Saturday, March 6, 2010

A Poetry Handbook

Pulitzer prize winning poet Mary Oliver held the Catherine Osgood Chair for Distinguished Teaching at Bennington College until 2001, and her A Poetry Handbook is so warmly written you feel as if you're sitting in one of her workshops.
A Poetry Handbook deals primarily with the mechanics of poetry, but is a surprisingly easy, as well as inspiring read. Oliver does not at all water down the use of poetic device, but brings out the proper uses and effectiveness of the devices in examples of excellent poetry. Oliver covers basic devices like alliteration, assonance, & onomatopoeia, but never just for theory's sake, and device is never divorced from example after example of effective use in great poetry by Millay, Dickinson, Frost, Blake, and many more.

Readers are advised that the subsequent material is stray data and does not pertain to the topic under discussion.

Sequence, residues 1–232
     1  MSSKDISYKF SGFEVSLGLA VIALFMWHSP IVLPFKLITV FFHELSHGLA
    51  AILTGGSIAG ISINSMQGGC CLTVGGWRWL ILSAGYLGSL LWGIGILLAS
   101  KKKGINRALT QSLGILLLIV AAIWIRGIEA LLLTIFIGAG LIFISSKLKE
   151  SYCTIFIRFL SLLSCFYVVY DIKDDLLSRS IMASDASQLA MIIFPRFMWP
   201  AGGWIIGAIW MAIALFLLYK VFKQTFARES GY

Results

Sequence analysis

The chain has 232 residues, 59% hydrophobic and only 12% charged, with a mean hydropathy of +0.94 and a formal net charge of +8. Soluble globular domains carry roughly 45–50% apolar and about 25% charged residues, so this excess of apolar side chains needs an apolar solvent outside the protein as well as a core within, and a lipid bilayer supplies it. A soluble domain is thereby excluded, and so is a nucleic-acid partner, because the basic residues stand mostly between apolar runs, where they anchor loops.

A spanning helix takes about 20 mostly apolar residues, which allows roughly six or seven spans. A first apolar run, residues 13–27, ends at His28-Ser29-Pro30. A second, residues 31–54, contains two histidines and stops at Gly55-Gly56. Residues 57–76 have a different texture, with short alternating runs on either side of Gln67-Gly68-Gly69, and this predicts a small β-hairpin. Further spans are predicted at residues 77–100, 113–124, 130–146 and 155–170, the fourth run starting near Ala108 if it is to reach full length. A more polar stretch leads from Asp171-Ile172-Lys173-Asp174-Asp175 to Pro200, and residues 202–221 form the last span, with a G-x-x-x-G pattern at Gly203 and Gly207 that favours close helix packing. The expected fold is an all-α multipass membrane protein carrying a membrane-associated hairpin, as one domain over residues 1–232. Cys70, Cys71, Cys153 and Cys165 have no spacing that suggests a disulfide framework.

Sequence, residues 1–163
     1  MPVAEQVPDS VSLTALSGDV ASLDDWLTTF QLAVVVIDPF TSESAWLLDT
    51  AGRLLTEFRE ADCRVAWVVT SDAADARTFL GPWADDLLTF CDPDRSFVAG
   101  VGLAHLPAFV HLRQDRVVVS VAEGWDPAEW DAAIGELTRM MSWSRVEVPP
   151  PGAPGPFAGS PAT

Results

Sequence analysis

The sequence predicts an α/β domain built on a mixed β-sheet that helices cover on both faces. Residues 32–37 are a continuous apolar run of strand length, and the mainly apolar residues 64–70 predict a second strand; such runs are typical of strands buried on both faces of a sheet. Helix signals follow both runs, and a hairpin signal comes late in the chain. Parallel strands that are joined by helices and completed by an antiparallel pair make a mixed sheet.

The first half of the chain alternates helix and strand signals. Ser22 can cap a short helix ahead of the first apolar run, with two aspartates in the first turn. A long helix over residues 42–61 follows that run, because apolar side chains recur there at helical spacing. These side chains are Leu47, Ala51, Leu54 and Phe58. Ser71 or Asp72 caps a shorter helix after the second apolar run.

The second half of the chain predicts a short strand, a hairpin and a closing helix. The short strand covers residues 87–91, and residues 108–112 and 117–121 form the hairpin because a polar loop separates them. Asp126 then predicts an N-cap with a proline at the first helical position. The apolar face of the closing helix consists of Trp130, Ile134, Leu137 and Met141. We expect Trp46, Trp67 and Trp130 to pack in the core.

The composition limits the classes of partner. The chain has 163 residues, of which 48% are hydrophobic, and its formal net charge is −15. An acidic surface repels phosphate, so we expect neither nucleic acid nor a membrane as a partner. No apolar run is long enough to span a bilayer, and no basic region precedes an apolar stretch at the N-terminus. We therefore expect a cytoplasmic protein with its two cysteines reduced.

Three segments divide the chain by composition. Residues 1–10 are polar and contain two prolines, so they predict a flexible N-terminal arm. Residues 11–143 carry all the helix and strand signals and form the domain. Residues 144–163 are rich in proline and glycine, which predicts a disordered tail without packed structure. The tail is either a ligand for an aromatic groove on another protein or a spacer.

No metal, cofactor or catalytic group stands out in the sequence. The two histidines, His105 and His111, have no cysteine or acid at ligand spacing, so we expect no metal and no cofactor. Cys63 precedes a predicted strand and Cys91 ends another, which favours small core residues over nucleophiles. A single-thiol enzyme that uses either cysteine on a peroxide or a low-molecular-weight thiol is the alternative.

Oliver stresses imitation as key to developing your own poetic voice. Just as an art student can be found copying a Van Gogh, so should the poetry student copy the rhythms and forms of their masters, and as styles and devices become "second nature", the poet's own original voice begins to emerge.

Oliver emphasizes the most important tool for the poetry student which is reading, reading, and reading good poetry.

A Poetry Handbook qualifies both as a wonderful guide for beginning poets, as well as an invaluable reference for writers and teachers.


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